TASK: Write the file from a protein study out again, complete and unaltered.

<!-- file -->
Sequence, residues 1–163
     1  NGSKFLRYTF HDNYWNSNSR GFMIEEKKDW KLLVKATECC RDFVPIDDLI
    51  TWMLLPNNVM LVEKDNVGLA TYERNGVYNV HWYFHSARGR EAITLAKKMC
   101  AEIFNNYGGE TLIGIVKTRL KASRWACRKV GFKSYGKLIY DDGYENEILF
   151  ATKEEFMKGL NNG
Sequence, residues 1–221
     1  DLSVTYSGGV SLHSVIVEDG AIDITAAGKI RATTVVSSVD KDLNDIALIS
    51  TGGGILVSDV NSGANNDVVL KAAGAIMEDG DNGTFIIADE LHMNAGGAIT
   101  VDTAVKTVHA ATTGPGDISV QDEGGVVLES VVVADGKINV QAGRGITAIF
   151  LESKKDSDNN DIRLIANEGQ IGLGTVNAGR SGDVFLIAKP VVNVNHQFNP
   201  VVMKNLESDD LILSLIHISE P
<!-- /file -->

Sequence, residues 1–163
     1  NGSKFLRYTF HDNYWNSNSR GFMIEEKKDW KLLVKATECC RDFVPIDDLI
    51  TWMLLPNNVM LVEKDNVGLA TYERNGVYNV HWYFHSARGR EAITLAKKMC
   101  AEIFNNYGGE TLIGIVKTRL KASRWACRKV GFKSYGKLIY DDGYENEILF
   151  ATKEEFMKGL NNG
Sequence, residues 1–221
     1  DLSVTYSGGV SLHSVIVEDG AIDITAAGKI RATTVVSSVD KDLNDIALIS
    51  TGGGILVSDV NSGANNDVVL KAAGAIMEDG DNGTFIIADE LHMNAGGAIT
   101  VDTAVKTVHA ATTGPGDISV QDEGGVVLES VVVADGKINV QAGRGITAIF
   151  LESKKDSDNN DIRLIANEGQ IGLGTVNAGR SGDVFLIAKP VVNVNHQFNP
   201  VVMKNLESDD LILSLIHISE P